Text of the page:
One building on the UCF campus has quite the storied background — about 1.3 million stories, in fact.

That’s how many books are on the shelves of the main campus library, which was dedicated 50 years ago on Oct. 7, 1968, as the first building constructed among acres of pine trees.

The First Chapter

When the building opened, it served many functions that were central to the life of the administration, faculty, staff, students, clubs and other organizations on the blossoming campus.

“In 1968, the university library building housed a dream, an exciting new idea: that a great university would grow in Central Florida,” says Meg Scharf, associate director for communication, assessment and public relations for UCF Libraries. The library still has the shovel that turned the first spade of earth at the university’s groundbreaking on March 19, 1967.

In 1968, the university library building housed a dream, an exciting new idea: that a great university would grow in Central Florida.

In addition to a small collection of books at the opening — 2,500 ready for checkout and another 34,000 being processed for circulation — the bustling five-story building housed offices, classrooms and, in the basement, the campus bookstore. On the first day the library opened, one of the books checked out by President Charles N. Millican was the Bible.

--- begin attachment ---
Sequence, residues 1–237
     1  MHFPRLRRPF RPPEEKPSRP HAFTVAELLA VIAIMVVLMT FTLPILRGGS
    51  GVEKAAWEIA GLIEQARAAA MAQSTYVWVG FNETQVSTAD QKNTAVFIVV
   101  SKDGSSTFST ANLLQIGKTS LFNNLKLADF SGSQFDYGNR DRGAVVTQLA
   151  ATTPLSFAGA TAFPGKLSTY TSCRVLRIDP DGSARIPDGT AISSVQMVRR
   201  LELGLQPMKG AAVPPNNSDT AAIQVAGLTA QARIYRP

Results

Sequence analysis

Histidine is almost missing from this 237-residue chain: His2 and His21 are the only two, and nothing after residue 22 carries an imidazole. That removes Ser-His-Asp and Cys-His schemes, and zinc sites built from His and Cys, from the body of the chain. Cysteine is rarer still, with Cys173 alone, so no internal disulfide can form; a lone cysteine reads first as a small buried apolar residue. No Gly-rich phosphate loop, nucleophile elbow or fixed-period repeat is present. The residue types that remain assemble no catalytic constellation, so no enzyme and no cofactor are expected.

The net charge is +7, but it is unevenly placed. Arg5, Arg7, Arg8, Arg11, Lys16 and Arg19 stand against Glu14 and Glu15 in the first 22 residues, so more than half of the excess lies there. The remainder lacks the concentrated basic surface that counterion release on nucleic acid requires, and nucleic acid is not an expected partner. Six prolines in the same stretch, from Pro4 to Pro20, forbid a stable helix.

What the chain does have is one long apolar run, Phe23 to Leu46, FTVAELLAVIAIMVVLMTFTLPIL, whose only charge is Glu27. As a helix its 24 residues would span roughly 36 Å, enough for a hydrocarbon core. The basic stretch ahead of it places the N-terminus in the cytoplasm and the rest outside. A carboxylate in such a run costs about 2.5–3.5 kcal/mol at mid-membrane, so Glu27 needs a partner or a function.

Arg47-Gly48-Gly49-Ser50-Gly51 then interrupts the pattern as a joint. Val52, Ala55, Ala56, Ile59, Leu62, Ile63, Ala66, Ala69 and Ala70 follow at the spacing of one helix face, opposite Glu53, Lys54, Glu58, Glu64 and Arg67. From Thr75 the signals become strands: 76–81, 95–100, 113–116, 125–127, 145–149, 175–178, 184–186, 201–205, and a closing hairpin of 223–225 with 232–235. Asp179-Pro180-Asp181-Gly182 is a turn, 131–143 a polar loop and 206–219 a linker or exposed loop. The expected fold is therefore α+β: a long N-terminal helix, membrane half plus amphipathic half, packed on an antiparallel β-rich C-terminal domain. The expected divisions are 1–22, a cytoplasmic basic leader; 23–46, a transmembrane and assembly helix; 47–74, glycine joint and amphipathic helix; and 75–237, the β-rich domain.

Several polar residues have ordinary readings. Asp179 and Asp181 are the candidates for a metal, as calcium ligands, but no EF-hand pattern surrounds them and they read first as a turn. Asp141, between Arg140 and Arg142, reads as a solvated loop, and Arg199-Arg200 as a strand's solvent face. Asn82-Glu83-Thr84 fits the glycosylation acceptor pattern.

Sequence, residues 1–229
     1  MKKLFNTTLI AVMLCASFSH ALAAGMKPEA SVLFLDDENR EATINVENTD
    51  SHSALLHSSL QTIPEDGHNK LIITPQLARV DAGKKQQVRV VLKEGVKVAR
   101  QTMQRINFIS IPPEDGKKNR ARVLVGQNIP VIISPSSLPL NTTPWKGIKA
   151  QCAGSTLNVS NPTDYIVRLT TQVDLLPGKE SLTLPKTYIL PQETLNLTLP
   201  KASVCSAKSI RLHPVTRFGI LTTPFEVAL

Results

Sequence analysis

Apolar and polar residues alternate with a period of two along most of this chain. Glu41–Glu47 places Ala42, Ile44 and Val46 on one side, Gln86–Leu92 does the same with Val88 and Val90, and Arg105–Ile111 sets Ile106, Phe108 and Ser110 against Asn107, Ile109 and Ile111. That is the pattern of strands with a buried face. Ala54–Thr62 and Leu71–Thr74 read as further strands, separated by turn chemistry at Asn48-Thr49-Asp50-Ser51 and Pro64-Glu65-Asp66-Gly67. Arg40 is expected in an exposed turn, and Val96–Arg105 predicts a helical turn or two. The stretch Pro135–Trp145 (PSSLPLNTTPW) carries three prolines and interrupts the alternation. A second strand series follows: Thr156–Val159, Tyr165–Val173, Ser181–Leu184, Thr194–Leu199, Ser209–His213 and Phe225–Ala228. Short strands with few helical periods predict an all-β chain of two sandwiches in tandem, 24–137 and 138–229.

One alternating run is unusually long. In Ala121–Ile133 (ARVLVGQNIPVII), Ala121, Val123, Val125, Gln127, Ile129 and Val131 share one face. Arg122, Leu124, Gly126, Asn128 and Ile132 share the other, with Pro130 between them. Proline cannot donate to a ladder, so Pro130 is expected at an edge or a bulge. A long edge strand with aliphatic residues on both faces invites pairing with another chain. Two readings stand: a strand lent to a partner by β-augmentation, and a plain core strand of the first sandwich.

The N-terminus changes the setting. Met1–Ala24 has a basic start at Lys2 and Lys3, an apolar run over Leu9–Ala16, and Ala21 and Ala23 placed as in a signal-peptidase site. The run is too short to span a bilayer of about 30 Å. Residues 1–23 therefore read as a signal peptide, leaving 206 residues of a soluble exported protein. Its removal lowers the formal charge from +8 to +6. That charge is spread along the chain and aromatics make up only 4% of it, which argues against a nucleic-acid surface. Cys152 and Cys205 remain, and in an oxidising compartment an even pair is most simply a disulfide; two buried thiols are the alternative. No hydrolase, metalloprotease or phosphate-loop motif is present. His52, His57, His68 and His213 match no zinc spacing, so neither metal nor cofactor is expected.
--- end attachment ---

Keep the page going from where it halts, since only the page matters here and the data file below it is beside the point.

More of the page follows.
Soon the diverse building also became the home to a multitude of other organizations and purposes, such as: The FuTUre student newspaper and campus radio station, periodicals and government documents, the wrestling team’s competitions in the basement, art shows and other activities. There’s even a taxidermied Vincent the Vulture, from when the vulture was an early contender as the university mascot.

As more buildings were completed on campus, this allowed offices and organizations to relocate so that more space was opened up to expand the library’s collections and departments.

The original 118,000-square-foot structure grew to 226,000 square feet during an attached four-story expansion that was finished in 1984.

In 2012, the Florida Board of Governors approved UCF’s Board of Trustees vote to name the library the John C. Hitt Library in honor of his 20th anniversary as president of the university.

Through the years, UCF Libraries has expanded beyond the footprint next to the Reflecting Pond in the center of campus. The system also includes the 5,500-square-foot Curriculum Materials Center in the Education Complex, the 9,500-square-foot Universal Orlando Foundation Library at Rosen College of Hospitality Management, and partner libraries with state colleges throughout Central Florida.

Skipping Ahead to the Future

As the library holds onto the past — it owns a 14th-century Gregorian chant manuscript and a 1546 printed Bible — it also looks to the future as it currently undergoes its second major expansion, another four floors that will bring the total library space to 250,000 square feet and include an automated retrieval center on the north side of the library.

The ARC building will have a capacity of 1.25 million volumes of the library’s print collection, placed in bins stacked three stories high for retrieval by five robotic cranes. Patrons will be able to request books with the click of a button on a computer screen and each volume will be available for pickup at the circulation desk. About 250,000 volumes will remain on open stacks for browsing.